Oh, and one more thing to remember - there's a lot more canyons outside of Zion than there are inside. Start planning your next trip, to explore the Swell, and the North Wash, and the Roost, and Cedar Mesa, etc. etc. etc.!

    And welcome to Bogley!

  5. #4
    Zions the "s" is silent trackrunner's Avatar
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    Quote Originally Posted by Cirrus2000 View Post
    Oh, and one more thing to remember - there's a lot more canyons outside of Zion than there are inside. Start planning your next trip, to explore the Swell, and the North Wash, and the Roost, and Cedar Mesa, etc. etc. etc.!
    Liar. don't listen to him. I've heard those canyons are not worth that's why there is no permit system.

    also welcome

  6. #5
    First of all - thanks for the welcome greetings.

    Don - We didn't enter any lottery cause we "woke up" too late, but we managed to make some reservations (das boot & subway / echo / the narrows), but not all of those we wanted, due to capacity limitations (Mystery / The Wave) or road works (Pine Creek / Keyhole / Spry), so we know we will have to stand in line for some walk-in permits (we saw the thread about the line for Mystery canyon's permit), and we also have plans for some "no permit" canyons (Boundary, Fat Man's Misery and canyons in Escalante).

    Cirrus 2000 - Thanks for the info and the tips. We aware of the difficulties concerning the permits, and after reading to your reply we're thinking about obtaining permits for Telephone and Behunin as well.

    And, since we saw some requests for trip reports in "our neighborhood", we'll post some soon J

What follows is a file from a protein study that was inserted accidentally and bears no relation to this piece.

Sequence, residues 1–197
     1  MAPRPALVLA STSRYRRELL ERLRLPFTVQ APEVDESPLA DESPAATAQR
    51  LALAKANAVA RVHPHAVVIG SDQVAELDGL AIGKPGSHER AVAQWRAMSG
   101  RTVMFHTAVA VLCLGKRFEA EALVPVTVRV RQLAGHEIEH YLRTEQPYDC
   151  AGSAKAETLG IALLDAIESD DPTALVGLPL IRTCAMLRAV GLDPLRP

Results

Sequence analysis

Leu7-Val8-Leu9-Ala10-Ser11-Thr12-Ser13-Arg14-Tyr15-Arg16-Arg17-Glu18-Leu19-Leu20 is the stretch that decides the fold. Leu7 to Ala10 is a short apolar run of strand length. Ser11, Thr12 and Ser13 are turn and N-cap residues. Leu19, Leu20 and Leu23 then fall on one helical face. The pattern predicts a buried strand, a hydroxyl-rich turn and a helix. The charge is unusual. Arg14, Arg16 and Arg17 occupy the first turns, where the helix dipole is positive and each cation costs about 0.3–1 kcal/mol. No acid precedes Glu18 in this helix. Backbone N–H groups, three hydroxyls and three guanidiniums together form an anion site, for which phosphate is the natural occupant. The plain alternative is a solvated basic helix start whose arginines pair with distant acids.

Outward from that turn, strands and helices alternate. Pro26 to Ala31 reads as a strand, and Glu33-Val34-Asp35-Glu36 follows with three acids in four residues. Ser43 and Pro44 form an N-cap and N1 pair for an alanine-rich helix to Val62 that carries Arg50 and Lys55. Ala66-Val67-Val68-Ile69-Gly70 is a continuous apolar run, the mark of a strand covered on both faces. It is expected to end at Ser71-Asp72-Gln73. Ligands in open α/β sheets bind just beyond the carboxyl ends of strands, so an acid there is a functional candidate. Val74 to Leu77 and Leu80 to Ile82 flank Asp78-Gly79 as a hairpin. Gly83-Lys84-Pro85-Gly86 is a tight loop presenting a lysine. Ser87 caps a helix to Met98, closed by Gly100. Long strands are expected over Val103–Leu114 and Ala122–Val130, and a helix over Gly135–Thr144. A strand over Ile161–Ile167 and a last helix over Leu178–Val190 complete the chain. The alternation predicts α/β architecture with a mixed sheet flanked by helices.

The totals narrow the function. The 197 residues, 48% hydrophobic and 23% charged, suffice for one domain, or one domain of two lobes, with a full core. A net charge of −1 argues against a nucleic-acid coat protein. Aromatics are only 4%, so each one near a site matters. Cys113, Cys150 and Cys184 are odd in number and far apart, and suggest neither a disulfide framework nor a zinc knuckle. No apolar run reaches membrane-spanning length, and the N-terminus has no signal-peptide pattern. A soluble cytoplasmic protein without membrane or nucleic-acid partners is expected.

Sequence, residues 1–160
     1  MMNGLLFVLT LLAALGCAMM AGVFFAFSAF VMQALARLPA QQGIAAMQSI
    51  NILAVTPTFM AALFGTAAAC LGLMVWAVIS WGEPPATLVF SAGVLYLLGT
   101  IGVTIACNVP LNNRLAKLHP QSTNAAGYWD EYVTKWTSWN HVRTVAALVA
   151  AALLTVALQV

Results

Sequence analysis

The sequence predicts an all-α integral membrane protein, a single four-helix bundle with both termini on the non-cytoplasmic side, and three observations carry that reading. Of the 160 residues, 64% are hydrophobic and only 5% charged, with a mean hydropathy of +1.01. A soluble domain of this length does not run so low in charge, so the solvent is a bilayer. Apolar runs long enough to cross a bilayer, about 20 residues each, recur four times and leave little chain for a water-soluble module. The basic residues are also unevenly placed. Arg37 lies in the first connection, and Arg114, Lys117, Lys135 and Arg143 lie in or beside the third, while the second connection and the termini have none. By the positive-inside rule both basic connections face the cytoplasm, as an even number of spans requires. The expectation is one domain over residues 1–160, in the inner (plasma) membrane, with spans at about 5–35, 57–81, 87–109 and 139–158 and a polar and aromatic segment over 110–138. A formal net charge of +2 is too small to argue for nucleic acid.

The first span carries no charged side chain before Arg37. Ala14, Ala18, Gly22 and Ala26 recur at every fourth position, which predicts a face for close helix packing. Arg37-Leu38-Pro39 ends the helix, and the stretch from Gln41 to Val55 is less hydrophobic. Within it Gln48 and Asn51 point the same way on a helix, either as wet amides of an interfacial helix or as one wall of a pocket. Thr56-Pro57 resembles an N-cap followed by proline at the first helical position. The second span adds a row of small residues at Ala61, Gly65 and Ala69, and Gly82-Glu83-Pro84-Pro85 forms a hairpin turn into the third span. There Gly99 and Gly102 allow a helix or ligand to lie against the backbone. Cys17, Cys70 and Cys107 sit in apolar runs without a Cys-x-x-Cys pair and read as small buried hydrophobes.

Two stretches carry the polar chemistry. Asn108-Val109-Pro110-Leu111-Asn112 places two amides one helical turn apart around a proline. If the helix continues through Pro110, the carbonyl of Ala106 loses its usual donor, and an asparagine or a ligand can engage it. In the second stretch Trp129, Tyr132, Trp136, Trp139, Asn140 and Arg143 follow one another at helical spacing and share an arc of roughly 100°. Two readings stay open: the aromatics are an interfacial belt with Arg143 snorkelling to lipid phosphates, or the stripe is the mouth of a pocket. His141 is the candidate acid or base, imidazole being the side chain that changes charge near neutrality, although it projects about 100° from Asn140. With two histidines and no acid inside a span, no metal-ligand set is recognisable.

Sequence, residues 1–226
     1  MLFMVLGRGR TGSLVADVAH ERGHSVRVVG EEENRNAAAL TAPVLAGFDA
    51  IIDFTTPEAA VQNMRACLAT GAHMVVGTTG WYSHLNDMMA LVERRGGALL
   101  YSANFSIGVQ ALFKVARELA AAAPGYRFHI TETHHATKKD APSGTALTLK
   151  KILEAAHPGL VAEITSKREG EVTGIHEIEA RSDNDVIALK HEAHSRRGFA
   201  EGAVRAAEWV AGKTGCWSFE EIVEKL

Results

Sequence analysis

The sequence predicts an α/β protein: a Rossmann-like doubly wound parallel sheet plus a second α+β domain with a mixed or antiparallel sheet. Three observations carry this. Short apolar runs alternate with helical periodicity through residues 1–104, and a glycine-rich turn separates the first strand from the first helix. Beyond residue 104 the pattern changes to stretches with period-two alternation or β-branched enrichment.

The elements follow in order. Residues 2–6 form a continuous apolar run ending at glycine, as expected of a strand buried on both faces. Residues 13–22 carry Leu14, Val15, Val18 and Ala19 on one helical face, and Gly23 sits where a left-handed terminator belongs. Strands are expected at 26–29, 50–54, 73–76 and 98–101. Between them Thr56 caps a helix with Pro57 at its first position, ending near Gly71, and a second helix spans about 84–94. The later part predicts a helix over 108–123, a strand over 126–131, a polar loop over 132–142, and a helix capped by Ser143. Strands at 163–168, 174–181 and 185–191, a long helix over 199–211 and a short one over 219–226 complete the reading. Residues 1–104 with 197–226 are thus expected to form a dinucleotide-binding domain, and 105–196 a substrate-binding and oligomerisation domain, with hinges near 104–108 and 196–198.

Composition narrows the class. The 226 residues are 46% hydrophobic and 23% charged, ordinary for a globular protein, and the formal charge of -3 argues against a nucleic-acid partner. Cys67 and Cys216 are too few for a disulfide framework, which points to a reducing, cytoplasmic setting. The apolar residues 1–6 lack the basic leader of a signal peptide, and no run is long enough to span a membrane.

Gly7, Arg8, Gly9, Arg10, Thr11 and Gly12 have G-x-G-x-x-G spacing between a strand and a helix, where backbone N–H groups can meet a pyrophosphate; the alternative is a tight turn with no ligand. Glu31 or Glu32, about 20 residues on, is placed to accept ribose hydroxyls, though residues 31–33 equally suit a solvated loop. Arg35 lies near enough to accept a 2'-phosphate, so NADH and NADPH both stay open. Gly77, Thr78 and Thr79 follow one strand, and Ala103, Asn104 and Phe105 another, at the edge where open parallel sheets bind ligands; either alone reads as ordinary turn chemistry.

7. #6
    Quote Originally Posted by boxbarr View Post
    First of all - thanks for the welcome greetings.

    Don - We didn't enter any lottery cause we "woke up" too late, but we managed to make some reservations (das boot & subway / echo / the narrows), but not all of those we wanted, due to capacity limitations (Mystery / The Wave) or road works (Pine Creek / Keyhole / Spry), so we know we will have to stand in line for some walk-in permits (we saw the thread about the line for Mystery canyon's permit), and we also have plans for some "no permit" canyons (Boundary, Fat Man's Misery and canyons in Escalante).

    Cirrus 2000 - Thanks for the info and the tips. We aware of the difficulties concerning the permits, and after reading to your reply we're thinking about obtaining permits for Telephone and Behunin as well.

    And, since we saw some requests for trip reports in "our neighborhood", we'll post some soon J
    Great photos of canyons in Jordan! I would love to get there some day.

    If you do get to Escalante (and you really should), I would STRONGLY recommend doing Choprock. It is one of the best canons in Utah, very long narrow, varied and beautiful. Also, it is in a much more remote area than Zion, with nowhere near the crowds; a very different experience.
    nat smale

  8. #7
    Welcome and yes, trip reports please!